Florian Ludwig believed his destiny was to be recognized as a great artist with his own museum, so he never sold any of his pieces. The self-taught and deeply spiritual artist died at age 88: “the first day of Spring, early in the morning he left as the first signs of Light moved over the planet,” writes Terry, his widow.
Terry, 40 years his junior, did everything she could to keep the collection intact-- and to keep alive his visions of peace and light. After the storage costs became too much for her, she asked a friend to help dispose of the contents of the warehouse unit where his sculptures, collages, and jewelry were kept. The entire collection was acquired by Lisa Stone Arts in 2010, and we are convinced that he deserves recognition among the outsider ranks for his fastidious craftsmanship and spiritual vision.
"When Florian was a boy he heard the most beautiful music in the woods at the edge of his town. He followed the music and came to a stream where there was a light ray coming down. It was music from another dimension and it touched him deeply," Terry says. He kept his visions to himself, fearing punishment from the nuns at his Catholic school, as well as from his parents. He remained deeply religious his whole life, though in later years he transitioned from organized religion to a more personal vision. According to Terry, "He was very energetic and woke early each morning, it was at times like this he received messages from the Universe."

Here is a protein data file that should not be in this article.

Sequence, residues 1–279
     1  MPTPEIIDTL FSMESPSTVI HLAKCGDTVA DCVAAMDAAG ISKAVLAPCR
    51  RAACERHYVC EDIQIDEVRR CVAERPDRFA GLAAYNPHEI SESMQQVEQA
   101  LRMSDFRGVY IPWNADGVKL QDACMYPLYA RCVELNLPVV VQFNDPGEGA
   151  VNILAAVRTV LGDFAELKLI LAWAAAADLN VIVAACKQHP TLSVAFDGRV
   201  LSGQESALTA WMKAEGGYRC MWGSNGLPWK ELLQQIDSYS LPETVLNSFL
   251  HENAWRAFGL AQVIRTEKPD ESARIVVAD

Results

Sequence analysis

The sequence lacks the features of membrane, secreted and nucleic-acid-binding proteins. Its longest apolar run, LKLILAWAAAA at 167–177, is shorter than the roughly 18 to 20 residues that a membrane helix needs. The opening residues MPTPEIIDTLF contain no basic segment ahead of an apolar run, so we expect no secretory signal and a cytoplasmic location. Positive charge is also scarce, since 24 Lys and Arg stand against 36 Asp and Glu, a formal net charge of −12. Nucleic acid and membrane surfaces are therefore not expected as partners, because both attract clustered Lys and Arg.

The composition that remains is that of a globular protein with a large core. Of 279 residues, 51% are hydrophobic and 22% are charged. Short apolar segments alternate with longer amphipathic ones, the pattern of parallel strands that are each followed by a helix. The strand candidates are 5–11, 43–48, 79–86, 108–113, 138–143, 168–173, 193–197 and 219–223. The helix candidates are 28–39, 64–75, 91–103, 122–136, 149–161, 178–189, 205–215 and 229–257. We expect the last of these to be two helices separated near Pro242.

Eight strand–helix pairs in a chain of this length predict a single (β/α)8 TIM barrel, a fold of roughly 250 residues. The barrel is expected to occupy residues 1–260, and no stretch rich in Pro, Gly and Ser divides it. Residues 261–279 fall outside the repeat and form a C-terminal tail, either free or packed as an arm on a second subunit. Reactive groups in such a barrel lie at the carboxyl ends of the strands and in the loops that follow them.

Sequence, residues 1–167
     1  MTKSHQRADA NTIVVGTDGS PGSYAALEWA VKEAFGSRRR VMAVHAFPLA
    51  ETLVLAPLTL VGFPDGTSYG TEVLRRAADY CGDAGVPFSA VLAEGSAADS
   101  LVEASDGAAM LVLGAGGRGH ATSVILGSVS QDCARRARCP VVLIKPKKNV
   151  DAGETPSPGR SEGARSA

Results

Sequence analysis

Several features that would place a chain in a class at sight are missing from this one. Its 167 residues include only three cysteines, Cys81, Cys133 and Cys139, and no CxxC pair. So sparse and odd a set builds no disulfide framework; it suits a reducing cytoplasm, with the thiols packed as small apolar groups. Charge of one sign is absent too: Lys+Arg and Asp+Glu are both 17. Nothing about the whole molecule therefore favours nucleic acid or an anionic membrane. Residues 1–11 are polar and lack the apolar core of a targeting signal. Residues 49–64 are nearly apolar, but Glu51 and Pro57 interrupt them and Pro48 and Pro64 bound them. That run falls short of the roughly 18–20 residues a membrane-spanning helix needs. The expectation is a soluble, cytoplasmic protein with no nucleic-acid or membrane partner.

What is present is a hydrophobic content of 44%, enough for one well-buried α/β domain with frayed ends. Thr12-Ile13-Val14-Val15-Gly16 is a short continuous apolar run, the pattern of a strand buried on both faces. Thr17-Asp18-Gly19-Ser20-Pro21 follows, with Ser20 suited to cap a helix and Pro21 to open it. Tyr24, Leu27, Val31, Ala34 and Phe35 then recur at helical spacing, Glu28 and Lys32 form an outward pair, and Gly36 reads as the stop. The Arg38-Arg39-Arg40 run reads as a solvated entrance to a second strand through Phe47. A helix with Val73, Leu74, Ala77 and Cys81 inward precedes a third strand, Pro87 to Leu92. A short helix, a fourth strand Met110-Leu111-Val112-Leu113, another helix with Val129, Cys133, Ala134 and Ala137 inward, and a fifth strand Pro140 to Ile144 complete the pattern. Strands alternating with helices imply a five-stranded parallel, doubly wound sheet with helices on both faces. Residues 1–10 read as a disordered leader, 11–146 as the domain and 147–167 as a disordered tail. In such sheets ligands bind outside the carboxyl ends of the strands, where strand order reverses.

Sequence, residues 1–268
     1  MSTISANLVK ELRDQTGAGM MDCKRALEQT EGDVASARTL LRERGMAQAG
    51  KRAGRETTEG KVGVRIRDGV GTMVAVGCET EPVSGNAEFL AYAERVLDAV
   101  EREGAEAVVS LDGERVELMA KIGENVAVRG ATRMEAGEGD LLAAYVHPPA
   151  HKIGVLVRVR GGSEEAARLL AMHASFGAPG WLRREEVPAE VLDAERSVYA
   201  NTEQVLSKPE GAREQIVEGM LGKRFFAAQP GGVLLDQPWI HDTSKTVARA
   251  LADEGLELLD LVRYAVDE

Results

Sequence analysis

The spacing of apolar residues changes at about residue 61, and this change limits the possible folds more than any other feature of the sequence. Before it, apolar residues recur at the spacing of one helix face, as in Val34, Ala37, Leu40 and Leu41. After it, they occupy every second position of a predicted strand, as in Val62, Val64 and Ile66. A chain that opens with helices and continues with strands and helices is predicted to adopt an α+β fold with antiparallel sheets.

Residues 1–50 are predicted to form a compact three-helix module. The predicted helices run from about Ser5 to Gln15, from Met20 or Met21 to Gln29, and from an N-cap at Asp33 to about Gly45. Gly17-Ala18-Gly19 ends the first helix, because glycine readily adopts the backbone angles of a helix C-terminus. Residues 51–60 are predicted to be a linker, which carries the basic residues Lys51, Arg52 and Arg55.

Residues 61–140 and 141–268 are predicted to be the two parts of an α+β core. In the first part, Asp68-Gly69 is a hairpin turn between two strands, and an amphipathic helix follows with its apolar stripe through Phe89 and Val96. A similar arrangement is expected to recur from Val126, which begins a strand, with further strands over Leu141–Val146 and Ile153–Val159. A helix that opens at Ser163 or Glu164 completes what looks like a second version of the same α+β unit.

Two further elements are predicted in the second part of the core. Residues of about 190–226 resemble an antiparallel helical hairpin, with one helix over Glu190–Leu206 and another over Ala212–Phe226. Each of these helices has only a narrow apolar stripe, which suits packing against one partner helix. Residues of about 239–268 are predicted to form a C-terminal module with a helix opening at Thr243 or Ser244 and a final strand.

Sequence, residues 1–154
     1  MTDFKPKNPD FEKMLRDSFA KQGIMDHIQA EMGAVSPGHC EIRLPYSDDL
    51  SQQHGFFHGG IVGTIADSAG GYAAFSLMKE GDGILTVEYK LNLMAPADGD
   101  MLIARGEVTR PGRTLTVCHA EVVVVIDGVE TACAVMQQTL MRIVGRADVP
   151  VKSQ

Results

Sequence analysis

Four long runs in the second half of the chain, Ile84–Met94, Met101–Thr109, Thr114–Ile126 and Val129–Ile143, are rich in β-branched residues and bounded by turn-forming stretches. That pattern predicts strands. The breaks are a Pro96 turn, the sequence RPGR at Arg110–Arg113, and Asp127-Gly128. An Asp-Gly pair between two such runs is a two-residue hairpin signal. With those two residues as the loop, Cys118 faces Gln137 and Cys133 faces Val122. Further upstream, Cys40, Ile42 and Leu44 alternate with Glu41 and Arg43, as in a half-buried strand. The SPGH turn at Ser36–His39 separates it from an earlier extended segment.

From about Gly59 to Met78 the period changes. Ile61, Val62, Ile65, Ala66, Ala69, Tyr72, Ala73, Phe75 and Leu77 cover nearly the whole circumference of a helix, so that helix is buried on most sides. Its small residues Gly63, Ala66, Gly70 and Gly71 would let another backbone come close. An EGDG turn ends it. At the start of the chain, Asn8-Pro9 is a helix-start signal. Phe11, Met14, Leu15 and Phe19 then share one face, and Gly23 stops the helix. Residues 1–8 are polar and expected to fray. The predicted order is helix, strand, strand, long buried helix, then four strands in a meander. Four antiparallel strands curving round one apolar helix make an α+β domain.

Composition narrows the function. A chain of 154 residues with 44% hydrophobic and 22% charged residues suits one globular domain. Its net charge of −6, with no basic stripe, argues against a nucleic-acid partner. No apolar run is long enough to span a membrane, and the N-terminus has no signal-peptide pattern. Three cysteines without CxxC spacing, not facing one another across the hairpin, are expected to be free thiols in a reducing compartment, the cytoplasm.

Florian called his art Lovisionism. Each of his creations was and remains virtual prayers of peace and goodwill, and the angels that appear throughout his oeuvre are the harbingers of his message. His meticulously crafted crowns and crosses are unlike anything else in contemporary folk art, and he also made jewelry based on these spiritual themes, along with amazing copper boxes in which to keep them. In addition to metal and stones, Florian used velvet, wood, cardboard, wallpaper, and carpet to construct objects of prayer and worship.
Florian’s art was “motivated by a request (to do whatever he could to promote Peace) by his Mother after he and his two other brothers returned from World War II,” Terry writes. “He created his art with Love and a Vision that it could inspire in others Inner Peace. He was always creating something.”
Lisa Stone Arts is the exclusive representative of the Ludwig Collection.